Educating for the Lived Gospel #133

It is easier for a camel to go through the eye of a needle than for someone who is rich to enter the kingdom of God.’ (Mark 10:25)

In the world context, all who read this reflection are rich, since it is distributed by electronic means that put us amongst a select few. We almost all live in developed countries and, comparatively, we may not be amongst the richest, but it is good to reflect upon our relative privilege. The kingdom of God is where peace and justice reign. There can be no true justice where there is inequity. How am I bringing God’s reign closer? Is my focus on people or possessions? We, young and old alike, are ready to point the finger at ‘others’. Am I willing to do the ‘internal work’ and see where I need to more closely live the Gospel?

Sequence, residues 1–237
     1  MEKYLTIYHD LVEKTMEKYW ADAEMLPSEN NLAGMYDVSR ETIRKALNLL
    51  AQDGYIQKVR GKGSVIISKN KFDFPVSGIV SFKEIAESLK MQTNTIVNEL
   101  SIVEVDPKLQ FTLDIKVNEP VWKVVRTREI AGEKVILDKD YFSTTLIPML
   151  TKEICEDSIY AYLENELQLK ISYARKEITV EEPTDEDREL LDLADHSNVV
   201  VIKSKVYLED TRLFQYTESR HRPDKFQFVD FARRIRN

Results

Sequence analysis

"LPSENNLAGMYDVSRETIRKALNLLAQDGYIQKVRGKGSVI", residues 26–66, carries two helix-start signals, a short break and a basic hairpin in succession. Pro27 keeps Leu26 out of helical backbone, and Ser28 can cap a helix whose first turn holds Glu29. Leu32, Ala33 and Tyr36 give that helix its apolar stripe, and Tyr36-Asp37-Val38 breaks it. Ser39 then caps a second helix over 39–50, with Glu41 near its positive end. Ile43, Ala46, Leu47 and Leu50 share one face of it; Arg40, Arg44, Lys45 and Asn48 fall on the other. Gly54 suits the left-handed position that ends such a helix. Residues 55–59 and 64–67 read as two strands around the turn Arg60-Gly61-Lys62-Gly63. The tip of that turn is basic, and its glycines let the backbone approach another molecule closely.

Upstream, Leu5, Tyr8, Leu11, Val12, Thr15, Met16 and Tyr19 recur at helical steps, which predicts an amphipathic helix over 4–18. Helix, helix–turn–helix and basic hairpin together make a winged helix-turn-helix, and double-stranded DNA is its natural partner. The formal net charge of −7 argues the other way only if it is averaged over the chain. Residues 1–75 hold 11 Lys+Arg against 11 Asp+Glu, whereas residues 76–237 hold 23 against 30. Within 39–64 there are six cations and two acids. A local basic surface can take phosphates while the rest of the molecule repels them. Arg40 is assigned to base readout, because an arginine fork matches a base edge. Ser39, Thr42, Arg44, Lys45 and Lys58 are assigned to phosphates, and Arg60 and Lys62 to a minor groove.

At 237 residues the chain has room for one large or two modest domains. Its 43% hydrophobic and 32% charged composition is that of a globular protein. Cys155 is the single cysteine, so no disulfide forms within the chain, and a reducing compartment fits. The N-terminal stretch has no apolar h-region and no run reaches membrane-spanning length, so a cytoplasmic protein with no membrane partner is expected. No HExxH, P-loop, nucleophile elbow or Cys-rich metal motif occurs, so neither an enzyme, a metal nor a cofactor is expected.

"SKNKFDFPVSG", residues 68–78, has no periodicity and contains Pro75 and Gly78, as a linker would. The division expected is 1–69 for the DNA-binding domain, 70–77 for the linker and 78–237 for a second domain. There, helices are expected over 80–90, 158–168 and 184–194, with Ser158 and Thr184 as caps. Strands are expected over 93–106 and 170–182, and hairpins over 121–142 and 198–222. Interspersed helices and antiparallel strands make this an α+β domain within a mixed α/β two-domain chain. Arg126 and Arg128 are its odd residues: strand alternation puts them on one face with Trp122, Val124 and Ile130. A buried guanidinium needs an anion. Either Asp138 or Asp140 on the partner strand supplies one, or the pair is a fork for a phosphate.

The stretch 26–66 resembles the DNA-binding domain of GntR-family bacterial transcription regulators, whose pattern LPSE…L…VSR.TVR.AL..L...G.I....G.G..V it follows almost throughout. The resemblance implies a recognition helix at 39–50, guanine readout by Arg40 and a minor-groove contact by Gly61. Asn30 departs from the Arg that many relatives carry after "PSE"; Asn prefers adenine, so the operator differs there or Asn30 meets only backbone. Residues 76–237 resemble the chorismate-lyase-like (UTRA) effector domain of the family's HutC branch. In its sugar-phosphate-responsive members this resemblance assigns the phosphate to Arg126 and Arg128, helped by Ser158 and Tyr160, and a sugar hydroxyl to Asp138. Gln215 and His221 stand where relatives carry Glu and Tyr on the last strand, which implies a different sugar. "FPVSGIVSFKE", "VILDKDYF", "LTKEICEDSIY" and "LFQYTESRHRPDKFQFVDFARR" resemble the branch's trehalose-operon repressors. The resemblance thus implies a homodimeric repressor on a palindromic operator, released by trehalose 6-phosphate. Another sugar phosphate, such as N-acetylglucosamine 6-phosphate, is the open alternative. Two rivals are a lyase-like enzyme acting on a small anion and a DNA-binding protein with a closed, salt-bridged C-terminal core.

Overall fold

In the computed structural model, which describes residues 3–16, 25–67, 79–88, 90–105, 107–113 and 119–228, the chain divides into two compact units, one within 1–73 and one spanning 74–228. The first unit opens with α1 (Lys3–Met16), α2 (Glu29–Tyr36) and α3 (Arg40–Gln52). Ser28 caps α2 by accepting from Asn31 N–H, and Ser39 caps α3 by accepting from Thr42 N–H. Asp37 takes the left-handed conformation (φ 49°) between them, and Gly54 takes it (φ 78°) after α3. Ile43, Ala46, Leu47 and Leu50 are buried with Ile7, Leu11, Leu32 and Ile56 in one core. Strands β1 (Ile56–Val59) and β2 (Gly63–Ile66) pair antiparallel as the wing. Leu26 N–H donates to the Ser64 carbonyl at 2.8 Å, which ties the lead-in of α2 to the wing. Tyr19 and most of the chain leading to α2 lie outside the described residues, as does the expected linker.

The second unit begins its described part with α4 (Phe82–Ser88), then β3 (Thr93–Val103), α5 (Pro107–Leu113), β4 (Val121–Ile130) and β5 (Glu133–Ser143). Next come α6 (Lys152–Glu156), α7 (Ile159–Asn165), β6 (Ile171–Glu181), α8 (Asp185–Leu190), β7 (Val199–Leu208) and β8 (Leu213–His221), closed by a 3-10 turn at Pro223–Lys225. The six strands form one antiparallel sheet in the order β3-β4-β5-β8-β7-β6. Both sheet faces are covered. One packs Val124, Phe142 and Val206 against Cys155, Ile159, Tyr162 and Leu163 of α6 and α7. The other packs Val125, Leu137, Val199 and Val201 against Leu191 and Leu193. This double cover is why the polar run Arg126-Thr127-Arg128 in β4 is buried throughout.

Human institutions can also help or hinder the coming of the Kingdom of God. Are our schools and institutions focussed on prestige and power? Or living the Gospel through caring for those in need?

Have a great week!

Educating for the Lived Gospel #132

‘Cursed be anyone who deprives the alien, the orphan, and the widow of justice.’ (Deut 27:19)

It is a common misconception that the God of the Old Testament is ‘different’ from the New Testament. The Gospel thrust toward justice which is well known to Christians has its roots in this most fundamental of Jewish Scriptures, the Torah (the name given to the first five books of the Old Testament). We give our governments the responsibility to take care of those in need. Because they are human institutions, governments will always make mistakes. However, some current governments are falling well short of the mark outlined in this text and many others like in the Bible. As adults we have responsibility, thus we need to ponder: ‘Is the government representing my wishes?’